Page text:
Inspired by mathematics and Socrates, Greek thought changed rather dramatically from a wisdom tradition to a tradition of seeking truth through rational investigation. Western philosophy inherited this tradition, and the large bulk of modern philosophy fits mostly into it, although one still sees work that harks back to wisdom literature (I'm thinking of Zen and the Art of Motorcycle Maintenance and The Myth of Sisyphus).

I'm not familiar with Indian Darshan, but from your comments, it seems more like wisdom literature than like Western philosophy.

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  • Thank you. Indian tradition of Darshan can be classified into different paths like Samkhya, Yoga, etc.
    – user72899
    Commented Mar 4 at 20:50
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    I think it would be great to address the specificities of Indian Darshan. "Wisdom literature" sounds a bit reductive.
    – Johan
    Commented Mar 4 at 21:33
  • "wisdom literature" is the norm not exception @Johan. It is only in Christianity post the Nicene council that religion is opposed to philosophy (gnosis). For a Hindu or Buddhist or Taoist to make this dichotomy would seem absurd
    – Rushi
    Commented Apr 4 at 12:29
  • It would be great to be able to avoid arguments while still learning and accomplishing things.
    – Scott Rowe
    Commented Apr 4 at 14:30
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    @ScottRowe Outside of mathematics and similar axiomatic fields, there is no way to avoid argument. The best you can do is to make the arguments educational. Commented Apr 4 at 20:22
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The question whether “Philosophy” and “Darshana” are the same or are different cannot be answered in a few lines. Because the two concepts cover a wide range of meanings. As a consequence there is no general agreement about a precise definition of these terms, much less a basis for a precise answer.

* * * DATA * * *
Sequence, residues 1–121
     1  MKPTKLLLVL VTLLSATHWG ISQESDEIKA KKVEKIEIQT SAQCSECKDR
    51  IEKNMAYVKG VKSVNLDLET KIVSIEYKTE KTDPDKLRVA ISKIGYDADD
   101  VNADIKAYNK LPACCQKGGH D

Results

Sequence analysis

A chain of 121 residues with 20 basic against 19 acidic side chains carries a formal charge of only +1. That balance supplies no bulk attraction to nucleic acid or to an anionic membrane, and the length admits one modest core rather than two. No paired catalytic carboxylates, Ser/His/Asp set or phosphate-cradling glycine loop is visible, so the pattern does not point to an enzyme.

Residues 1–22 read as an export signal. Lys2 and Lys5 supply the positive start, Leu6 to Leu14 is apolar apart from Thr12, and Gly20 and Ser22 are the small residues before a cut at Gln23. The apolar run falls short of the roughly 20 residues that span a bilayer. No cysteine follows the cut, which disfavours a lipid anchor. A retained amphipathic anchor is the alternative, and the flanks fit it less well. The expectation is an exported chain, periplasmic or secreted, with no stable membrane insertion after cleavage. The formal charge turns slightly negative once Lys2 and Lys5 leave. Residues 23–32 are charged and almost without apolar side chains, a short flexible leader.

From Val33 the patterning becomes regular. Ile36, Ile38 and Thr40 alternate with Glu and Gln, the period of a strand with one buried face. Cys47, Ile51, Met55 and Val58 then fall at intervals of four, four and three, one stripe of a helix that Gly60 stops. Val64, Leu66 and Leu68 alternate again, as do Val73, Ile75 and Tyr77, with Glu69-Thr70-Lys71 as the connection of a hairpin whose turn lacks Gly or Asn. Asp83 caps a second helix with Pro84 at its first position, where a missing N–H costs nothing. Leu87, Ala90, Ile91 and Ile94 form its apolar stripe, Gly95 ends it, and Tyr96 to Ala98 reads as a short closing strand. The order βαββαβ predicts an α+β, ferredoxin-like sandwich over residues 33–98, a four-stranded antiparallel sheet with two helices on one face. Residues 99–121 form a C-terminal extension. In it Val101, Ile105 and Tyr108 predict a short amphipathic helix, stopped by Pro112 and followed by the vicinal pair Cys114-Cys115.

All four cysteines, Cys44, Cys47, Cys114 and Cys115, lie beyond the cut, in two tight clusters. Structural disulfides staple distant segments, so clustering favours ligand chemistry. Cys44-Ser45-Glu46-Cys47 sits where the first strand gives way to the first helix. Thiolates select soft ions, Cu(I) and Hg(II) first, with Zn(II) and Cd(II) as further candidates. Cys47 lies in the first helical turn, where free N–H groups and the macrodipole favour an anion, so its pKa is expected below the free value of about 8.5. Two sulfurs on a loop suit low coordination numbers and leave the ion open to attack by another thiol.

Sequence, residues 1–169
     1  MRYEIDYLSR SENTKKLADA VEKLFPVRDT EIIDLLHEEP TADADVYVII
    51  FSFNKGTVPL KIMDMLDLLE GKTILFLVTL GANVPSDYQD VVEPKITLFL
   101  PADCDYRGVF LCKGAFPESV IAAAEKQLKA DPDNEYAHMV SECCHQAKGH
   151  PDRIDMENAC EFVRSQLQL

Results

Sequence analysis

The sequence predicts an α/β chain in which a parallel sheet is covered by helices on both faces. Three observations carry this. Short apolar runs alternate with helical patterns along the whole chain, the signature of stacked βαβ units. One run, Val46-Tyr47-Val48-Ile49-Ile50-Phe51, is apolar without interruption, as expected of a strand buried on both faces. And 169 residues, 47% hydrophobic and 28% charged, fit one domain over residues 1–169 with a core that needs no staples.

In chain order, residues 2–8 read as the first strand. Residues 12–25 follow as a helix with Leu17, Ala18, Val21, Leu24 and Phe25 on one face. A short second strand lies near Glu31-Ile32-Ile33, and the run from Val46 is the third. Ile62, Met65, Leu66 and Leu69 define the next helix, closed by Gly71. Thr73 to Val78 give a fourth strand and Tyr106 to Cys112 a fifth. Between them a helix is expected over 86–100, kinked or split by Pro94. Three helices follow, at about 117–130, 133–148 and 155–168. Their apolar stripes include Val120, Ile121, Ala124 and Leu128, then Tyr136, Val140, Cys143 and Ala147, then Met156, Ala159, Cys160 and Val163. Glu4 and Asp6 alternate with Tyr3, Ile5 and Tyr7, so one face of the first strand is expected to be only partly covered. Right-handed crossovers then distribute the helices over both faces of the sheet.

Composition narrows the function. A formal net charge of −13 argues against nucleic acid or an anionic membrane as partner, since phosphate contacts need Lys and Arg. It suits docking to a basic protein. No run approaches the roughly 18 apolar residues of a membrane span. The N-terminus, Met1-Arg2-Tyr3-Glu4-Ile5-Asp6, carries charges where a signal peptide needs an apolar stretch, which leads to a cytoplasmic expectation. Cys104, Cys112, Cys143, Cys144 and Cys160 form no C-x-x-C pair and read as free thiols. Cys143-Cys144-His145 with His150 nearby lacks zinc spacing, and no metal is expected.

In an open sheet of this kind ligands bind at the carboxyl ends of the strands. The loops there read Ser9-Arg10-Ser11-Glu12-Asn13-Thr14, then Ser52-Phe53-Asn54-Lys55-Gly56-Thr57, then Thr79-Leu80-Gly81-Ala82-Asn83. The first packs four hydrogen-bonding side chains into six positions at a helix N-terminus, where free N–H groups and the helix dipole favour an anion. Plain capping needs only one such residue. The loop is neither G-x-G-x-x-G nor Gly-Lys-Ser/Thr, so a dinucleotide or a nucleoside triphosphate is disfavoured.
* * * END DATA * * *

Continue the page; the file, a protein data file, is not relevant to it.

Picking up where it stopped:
• This fact is already obvious when asking for the definition of the term "philosophy" in European philosophy. The spectrum of answers spans from Existential Philosophy to Analytic Philosophy, from Metaphysics to the Frankfurt Schol of Critical Theory.

  • Concerning Indian philosophy there are at least two corresponding candidates, darshana (दर्शन) and anviksiki (आन्वीक्षिकी).

    The former term “darshana” translates as “seeing, contemplating, doctrine”, and names the six Indian schools which consider themselves to be orthodox. The doctrine of these schools spans a spectrum from Nyaya with its strong emphasis on epistemology and logic to Vedanta, which focuses around the concepts of brahman and atman and favours the method of meditation.

    The latter term “anviksiki” translates as logic, logical philosophy, metaphysics. It covers approaches which propagate the critical method of questioning.

  • From the etymological point of view neither “darshana” nor “anviksiki” can be equated with the word "philosophy" (love of wisdom).

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  • Thank you for your effort and insight to this matter.
    – user72899
    Commented Mar 5 at 16:01
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    You are welcome.
    – Jo Wehler
    Commented Mar 5 at 16:23